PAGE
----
The title of Patricia Wells' latest cookbook Salad as a Meal is a bit of a misnomer. It's actually downright misleading. That doesn't mean it's not a great book, just that if you think you are getting a collection of recipes that require little cooking and can be made in one bowl, like most "salads," you'll be disappointed. Still, the meals in this cookbook are delicious.
One thing Wells does often is roast, smoke, or poach a protein, then add it to various vegetables and toss it with some dressing. Sometimes she uses meat left over from a previous meal to make a tasty salad. So in addition to the recipes in the book, Wells--who also a runs a popular cooking school in France--teaches you techniques and flavor components that you can add to your own cooking repertoire.
Vietnamese Chicken and Green Papaya Salad
½ cup salted peanuts, chopped
¼ cup toasted sesame seeds
1 to 2 fresh red bird's-eye chiles, seeded and chopped
5 cups fresh bean sprouts
8 ounces green papaya, peeled and julienned (3 cups)
2 cups shredded cooked chicken breast (see below)
1 cup fresh cilantro leaves, chopped
1 cup Vietnamese Dipping Sauce (see below)
1. In a small bowl, combine the peanuts, sesame seeds, and chiles. Set aside.
2. Prepare a large bowl of ice water.
3. Fill the pasta pot with 3 quarts of water and bring it to a rolling boil over high heat. Do not add salt. Add the bean sprouts and blanch for 1 minute. Immediately remove the colander from the water, allowing the water to drain from the sprouts. Plunge the sprouts into the ice water for just 30 seconds so they cool down as quickly as possible. Drain in a colander.
4. In a large bowl, combine the bean sprouts, papaya, chicken, and ¾ cup of the cilantro. Toss with just enough dipping sauce to coat the ingredients lightly and evenly. Arrange on dinner plate. Garnish with the remaining ¼ cup cilantro and about half of the chile mixture. Serve, passing the remaining chile mixture as an additional garnish, along with the dipping sauce.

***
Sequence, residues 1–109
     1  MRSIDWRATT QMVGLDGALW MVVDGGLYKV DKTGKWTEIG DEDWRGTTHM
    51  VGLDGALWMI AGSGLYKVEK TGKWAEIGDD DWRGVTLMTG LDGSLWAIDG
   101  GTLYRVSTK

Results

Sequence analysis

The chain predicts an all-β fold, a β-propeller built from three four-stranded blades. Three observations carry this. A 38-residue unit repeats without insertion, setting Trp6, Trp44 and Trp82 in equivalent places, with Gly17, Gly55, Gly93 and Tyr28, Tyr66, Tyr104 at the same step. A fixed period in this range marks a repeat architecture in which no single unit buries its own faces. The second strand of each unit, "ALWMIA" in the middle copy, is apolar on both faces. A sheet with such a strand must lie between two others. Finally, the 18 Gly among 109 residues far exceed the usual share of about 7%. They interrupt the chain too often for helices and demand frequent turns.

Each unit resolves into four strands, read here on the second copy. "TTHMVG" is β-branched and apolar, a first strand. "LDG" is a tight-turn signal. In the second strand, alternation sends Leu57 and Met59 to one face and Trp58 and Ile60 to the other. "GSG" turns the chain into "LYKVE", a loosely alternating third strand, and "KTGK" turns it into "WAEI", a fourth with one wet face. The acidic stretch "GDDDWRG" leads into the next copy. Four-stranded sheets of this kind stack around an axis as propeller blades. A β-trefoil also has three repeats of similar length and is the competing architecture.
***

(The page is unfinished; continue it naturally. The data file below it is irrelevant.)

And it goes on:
Wine Suggestion: It should be an unassuming daily drinking white, but one with enough backbone to stand up to the fire and saltiness of the salad. I love a Chardonnay here, my favorite being a light Macon from the house of Domaine des Héritiers du Comte Lafon.
Poached Chicken Breasts
1 quart homemade chicken stock
1 onion, quartered (do not peel)
Several fresh tarragon leaves
Several fresh thyme sprigs
1 celery rib or several celery ribs, chopped
2 fresh or dried bay leaves
6 whole black peppercorns
4 plump, moist garlic gloves, peeled and halved
6 fresh parsley sprigs
2 boneless, skinless chicken breasts (each about 8 ounces)
1. In a medium saucepan, combine all ingredients except the chicken. Cover, bring to a simmer, and simmer uncovered for 5 minutes.
2. Carefully slip the chicken breasts into the stock, making sure they are fully covered by the liquid. Cover and simmer for 7 minutes. Remove the pan from the heat (keeping it covered), and let the chicken cool in the stock for 1 hour.
3. The chicken can be used immediately or refrigerated, covered in the stock. The stock can be strained and used to prepare chicken soup or reduced to use for a sauce. (Store the chicken in an airtight container in the stock in the refrigerator for up to 3 days.)
Vietnamese Dipping Sauce
¼ cup Vietnamese fish sauce, preferably Phu Quoc brand
¼ cup freshly squeezed lime juice
¼ cup water
¼ cup sugar
2 plump, moist garlic cloves, peeled, halved, green germ removed, and minced
2 fresh red bird's-eye chiles, minced
¼ cup carrot julienne
In a jar, combine all the ingredients. Tighten the lid and shake well to dissolve the sugar. Taste for seasoning. (Store in the refrigerator for up to 3 days.)
Patricia Wells is visiting Seattle in April to promote Salad as a Meal. Join her April 20 at The Walrus and the Carpenter for a luncheon and book-signing ($65 all-inclusive + a copy of the book, 11:30 a.m. Call 395-9227 to RSVP); or at the Boat Street Cafe for a dinner and book-signing ($80 all-inclusive + the book, 6:30 p.m. Call 632-4602, press 1 to RSVP.)
From Salad as a Meal, Copyright © 2011 by Patricia Wells Ltd. Published by HarperCollins Publishers